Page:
An important component of building or repairing a relationship with your dog is communication. What words you use, how you use them and what your body language is saying. Clear, consistent communication is fundamental to demonstrating leadership to a dog.

Dogs communicate primarily through body language and while humans do too, we are much more focused on verbal communication. We are different species so some things are just lost in translation!

If someone is experiencing behavioural issues with their dog, the first thing I look at is how they communicate with their dog. There are many easy ways to improve this communication which goes a long way to help resolve common behaviour issues.

And if you welcome a new dog or puppy into your family, the first area I recommend EVERYONE focuses on is communication.

Providing clear, consistent communication to your dog or puppy is critical for the success of your everyday life together as well as the achievement of obedience training activities. Miscommunication between dogs and their humans is a common cause of problems in the home and in training.

Let me take you through some simple tips to improve communication with your dog.

House rules

Start by setting up a list of house rules for your dog and decide what command words you will use. People who will be involved with the dog should be aware of these rules and command words so that everyone is consistent.

This topic was covered in my previous post and included the lists of suggested common house rules and command words. These will soon be available through my website for free download.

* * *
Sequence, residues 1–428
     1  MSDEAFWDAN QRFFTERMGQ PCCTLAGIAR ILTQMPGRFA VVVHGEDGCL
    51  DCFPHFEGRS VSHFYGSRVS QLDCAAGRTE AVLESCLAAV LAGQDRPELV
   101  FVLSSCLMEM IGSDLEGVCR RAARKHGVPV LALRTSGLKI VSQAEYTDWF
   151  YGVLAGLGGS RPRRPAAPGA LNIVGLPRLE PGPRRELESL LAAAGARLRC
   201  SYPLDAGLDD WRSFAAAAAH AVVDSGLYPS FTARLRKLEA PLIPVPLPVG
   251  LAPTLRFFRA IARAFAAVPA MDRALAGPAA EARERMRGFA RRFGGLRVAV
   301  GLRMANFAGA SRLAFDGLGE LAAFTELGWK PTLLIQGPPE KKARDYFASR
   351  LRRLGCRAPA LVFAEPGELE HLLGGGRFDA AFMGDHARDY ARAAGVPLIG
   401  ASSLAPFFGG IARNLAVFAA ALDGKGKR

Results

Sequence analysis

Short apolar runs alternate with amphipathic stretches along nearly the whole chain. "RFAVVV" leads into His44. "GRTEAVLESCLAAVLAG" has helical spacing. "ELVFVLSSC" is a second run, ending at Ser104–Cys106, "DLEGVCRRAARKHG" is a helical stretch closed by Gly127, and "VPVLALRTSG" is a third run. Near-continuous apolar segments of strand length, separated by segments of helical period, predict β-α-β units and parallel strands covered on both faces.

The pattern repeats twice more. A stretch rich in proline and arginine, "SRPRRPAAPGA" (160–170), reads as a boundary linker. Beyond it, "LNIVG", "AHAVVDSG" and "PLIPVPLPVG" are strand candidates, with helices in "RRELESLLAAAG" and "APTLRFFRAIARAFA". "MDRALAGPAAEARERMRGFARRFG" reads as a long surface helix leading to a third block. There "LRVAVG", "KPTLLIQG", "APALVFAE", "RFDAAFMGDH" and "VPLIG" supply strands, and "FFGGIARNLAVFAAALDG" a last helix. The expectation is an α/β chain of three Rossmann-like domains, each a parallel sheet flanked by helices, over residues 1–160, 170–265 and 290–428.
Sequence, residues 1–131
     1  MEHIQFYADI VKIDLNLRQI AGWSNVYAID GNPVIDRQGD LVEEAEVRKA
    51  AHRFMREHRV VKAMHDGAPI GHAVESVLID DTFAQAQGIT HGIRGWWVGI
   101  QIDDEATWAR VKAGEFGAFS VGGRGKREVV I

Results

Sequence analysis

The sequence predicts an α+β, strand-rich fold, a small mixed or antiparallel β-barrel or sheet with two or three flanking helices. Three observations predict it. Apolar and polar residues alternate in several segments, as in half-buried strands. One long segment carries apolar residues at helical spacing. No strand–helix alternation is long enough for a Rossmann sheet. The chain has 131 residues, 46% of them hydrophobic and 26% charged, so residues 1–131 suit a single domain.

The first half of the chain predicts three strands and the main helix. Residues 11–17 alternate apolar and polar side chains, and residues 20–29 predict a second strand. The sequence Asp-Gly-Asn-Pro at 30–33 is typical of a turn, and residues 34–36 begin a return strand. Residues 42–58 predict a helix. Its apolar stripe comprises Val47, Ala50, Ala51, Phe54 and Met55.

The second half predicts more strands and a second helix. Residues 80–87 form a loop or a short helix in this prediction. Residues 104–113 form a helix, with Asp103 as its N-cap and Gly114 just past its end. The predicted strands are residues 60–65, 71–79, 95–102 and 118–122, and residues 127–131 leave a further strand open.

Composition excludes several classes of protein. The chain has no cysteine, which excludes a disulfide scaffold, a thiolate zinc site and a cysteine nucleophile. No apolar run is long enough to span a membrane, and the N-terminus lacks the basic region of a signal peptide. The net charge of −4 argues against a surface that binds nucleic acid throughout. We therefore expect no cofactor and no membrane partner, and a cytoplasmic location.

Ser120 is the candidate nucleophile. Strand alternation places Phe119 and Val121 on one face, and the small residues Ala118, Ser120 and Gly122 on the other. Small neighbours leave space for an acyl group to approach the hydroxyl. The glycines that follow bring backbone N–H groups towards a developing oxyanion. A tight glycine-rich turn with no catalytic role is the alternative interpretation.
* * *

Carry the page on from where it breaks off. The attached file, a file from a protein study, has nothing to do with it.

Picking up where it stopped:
Essential sounds

Other than selecting your command words, there are two other sounds you should use with your dog. One for when they are doing what you want and the other for when they are not. These sounds will quickly and effectively let your dog know whether or not what they are doing is ok and acceptable to you.

Marker word
A marker word is a sound that we use to mark our dogs’ appropriate behaviour. We use it when they comply with a command or when they offer appropriate behaviour.

It is usually a short sound like “yes” or “good”.

This is a sound that we pair with some kind of reward like our attention or food, so our dogs have a positive association with the sound.

Verbal correction
This is a signal to our dogs that they are doing something we don’t want them to do or that they are not allowed to do. Common examples are “no”, “uh-uh”, “stop” or “no thank you”.

Use a stern voice and even include a body language cue (like a good old shaking of the finger!).

If we don’t let our dogs know when they are acting inappropriately or doing something we don’t want how else will they know? This sound is how we communicate with them when to stop unwanted behaviour.

Body language

Practice confident body language. Stand up straight, shoulders back, chest out. Don’t lean or hunch over your dog. If you need to get closer to them crouch down while maintaining your upright upper body.

Use your arms to point to direct your dog and use physical cues to help them to follow your verbal commands.

Walk with confidence and hold your head up high both around your home and when out on walks. Remember, dogs are great at reading our physical cues and when you channel calm, confident vibes your dog will respond in kind.

Giving commands

When giving a command to your dog make sure you have their attention first so you can be sure they hear you! Plus, make sure YOU are using the correct command word for the action you want.

Only give the command once, then follow through to either help the dog into position or give them a reward.

Consistency

Be fair to your dog. Be consistent with the rules and commands words. It’s OK to change the rules if you need to as long as you teach your dog the new rules. It would be unfair to suddenly correct them for previously allowed behaviour.

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